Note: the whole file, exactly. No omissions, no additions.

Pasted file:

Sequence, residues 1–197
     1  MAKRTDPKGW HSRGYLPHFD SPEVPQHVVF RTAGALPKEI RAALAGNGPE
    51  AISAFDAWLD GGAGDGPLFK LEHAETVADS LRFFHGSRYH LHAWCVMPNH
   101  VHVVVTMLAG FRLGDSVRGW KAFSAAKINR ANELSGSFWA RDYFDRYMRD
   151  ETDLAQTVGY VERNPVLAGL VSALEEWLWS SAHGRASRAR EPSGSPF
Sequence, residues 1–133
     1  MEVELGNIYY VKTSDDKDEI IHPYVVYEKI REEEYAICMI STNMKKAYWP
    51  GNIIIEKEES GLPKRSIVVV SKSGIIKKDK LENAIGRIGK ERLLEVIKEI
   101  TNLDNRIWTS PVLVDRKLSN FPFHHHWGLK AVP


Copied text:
Sequence, residues 1–197
     1  MAKRTDPKGW HSRGYLPHFD SPEVPQHVVF RTAGALPKEI RAALAGNGPE
    51  AISAFDAWLD GGAGDGPLFK LEHAETVADS LRFFHGSRYH LHAWCVMPNH
   101  VHVVVTMLAG FRLGDSVRGW KAFSAAKINR ANELSGSFWA RDYFDRYMRD
   151  ETDLAQTVGY VERNPVLAGL VSALEEWLWS SAHGRASRAR EPSGSPF
Sequence, residues 1–133
     1  MEVELGNIYY VKTSDDKDEI IHPYVVYEKI REEEYAICMI STNMKKAYWP
    51  GNIIIEKEES GLPKRSIVVV SKSGIIKKDK LENAIGRIGK ERLLEVIKEI
   101  TNLDNRIWTS PVLVDRKLSN FPFHHHWGLK AVP